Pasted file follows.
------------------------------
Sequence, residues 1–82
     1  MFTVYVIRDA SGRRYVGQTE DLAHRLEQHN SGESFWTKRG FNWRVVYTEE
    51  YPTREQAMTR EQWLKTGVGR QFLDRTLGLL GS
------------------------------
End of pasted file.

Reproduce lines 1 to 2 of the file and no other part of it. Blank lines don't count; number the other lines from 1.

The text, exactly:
Sequence, residues 1–82
     1  MFTVYVIRDA SGRRYVGQTE DLAHRLEQHN SGESFWTKRG FNWRVVYTEE